A Trump presidency is widely expected to be friendly towards the traditional energy sector. But the oil and natural gas industry shouldn’t get complacent; environmental groups are already making plans for—and making hay out of—the expected future opposition.
“This is a huge organizing opportunity if they decide to take it,” said Anthony Leiserowitz, director of the Yale Program on Climate Change Communication. Much as Roe v. Wade mobilized the anti-abortion movement, the perceived federal lock-out is already being used to gin up money, attention, and action.
As E&E News’ ClimateWire reported, “In the week since Election Day, the Sierra Club has added 7,500 monthly donors. That’s more than the environmental advocacy organization added in all of 2016 so far.” Similarly, Citizens’ Climate Lobby has seen its website traffic double and its Twitter followers increase exponentially.
So what will environmental activism look like during a Trump presidency? Expect them to rely heavily on three “D’s”: devolution, digital advocacy, and disobedience.
- Devolution. With Republican control of the House, Senate, and White House, environmentalists will intensify the recent trend of focusing on state, county, and city political systems to attack oil and natural gas operations. These include local fracking bans like the one passed in Monterey County, CA last week, ordinances against pipelines, and state-level lawsuits.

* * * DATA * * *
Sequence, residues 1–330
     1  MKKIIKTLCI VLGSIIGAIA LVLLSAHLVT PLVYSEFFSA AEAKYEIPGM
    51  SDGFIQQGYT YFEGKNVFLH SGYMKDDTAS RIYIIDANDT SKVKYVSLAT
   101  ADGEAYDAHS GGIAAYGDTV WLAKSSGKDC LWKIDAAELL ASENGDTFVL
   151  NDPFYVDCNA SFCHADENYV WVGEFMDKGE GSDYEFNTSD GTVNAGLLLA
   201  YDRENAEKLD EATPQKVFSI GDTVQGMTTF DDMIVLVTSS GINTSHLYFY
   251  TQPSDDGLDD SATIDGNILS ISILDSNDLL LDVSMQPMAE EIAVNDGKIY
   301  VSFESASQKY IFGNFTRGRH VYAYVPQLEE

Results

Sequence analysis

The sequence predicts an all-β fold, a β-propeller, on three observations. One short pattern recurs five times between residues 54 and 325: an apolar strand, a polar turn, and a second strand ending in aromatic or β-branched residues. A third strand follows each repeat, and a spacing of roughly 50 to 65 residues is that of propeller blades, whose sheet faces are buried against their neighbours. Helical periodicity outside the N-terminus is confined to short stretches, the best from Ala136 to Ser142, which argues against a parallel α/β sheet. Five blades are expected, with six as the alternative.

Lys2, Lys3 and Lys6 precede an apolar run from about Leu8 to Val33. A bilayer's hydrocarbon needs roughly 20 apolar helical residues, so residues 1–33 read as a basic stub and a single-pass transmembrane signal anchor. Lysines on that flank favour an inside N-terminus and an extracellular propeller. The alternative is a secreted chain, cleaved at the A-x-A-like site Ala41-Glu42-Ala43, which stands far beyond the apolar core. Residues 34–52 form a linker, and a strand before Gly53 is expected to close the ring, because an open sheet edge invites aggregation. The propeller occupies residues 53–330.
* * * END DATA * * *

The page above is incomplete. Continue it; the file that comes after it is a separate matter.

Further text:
- Digital advocacy. Environmentalists have a successful history of using social media for grassroots organizing and political efforts. Anyone following the #NODAPL campaign—which has featured online petitions, millions of Facebook check-ins to mislead law enforcement, and a staggering number of supportive posts—has seen the power of these groups’ digital presence. Expect an increase in their ability and desire to use this online army to coerce elected officials, regulators, and bureaucrats to accede to their demands.
- Disobedience. According to ClimateWire, last week Bill McKibben (whose 350.org group has pressured universities nationwide to divest from fossil fuels using student demonstrations) said “there’s great value in using demonstrations, like the ones planned today at Army Corps of Engineers facilities around the country, to draw attention to the climate movement.” And the Army Corps of Engineer’s decision yesterday to further delay the Dakota Access Pipeline only reinforces the perceived efficacy of civil disobedience for simultaneously raising awareness and obstructing energy infrastructure projects.
So while a Republican-controlled federal government may well be a boon for the energy sector, environmental activists are intensifying and diversifying their efforts.
Is there a way to find a middle ground with these activists? Here’s McKibben’s view, as reported by ClimateWire: “Physics isn’t going to compromise, he said, and neither should activists.”